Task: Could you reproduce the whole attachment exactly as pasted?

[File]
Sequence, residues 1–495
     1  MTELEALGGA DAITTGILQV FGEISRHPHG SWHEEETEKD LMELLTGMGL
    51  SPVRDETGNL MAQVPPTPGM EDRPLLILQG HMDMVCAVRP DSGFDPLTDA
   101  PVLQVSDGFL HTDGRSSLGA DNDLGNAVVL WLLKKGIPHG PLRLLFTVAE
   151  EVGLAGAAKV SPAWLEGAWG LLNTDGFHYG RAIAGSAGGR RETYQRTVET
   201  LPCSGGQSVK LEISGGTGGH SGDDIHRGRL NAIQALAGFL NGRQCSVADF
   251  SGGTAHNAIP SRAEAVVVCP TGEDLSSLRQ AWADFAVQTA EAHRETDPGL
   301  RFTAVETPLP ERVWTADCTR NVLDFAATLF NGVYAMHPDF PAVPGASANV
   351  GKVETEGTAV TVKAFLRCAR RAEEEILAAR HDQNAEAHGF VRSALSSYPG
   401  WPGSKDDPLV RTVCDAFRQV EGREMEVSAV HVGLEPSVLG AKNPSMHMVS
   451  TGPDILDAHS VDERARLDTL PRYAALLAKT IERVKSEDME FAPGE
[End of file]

Sequence, residues 1–495
     1  MTELEALGGA DAITTGILQV FGEISRHPHG SWHEEETEKD LMELLTGMGL
    51  SPVRDETGNL MAQVPPTPGM EDRPLLILQG HMDMVCAVRP DSGFDPLTDA
   101  PVLQVSDGFL HTDGRSSLGA DNDLGNAVVL WLLKKGIPHG PLRLLFTVAE
   151  EVGLAGAAKV SPAWLEGAWG LLNTDGFHYG RAIAGSAGGR RETYQRTVET
   201  LPCSGGQSVK LEISGGTGGH SGDDIHRGRL NAIQALAGFL NGRQCSVADF
   251  SGGTAHNAIP SRAEAVVVCP TGEDLSSLRQ AWADFAVQTA EAHRETDPGL
   301  RFTAVETPLP ERVWTADCTR NVLDFAATLF NGVYAMHPDF PAVPGASANV
   351  GKVETEGTAV TVKAFLRCAR RAEEEILAAR HDQNAEAHGF VRSALSSYPG
   401  WPGSKDDPLV RTVCDAFRQV EGREMEVSAV HVGLEPSVLG AKNPSMHMVS
   451  TGPDILDAHS VDERARLDTL PRYAALLAKT IERVKSEDME FAPGE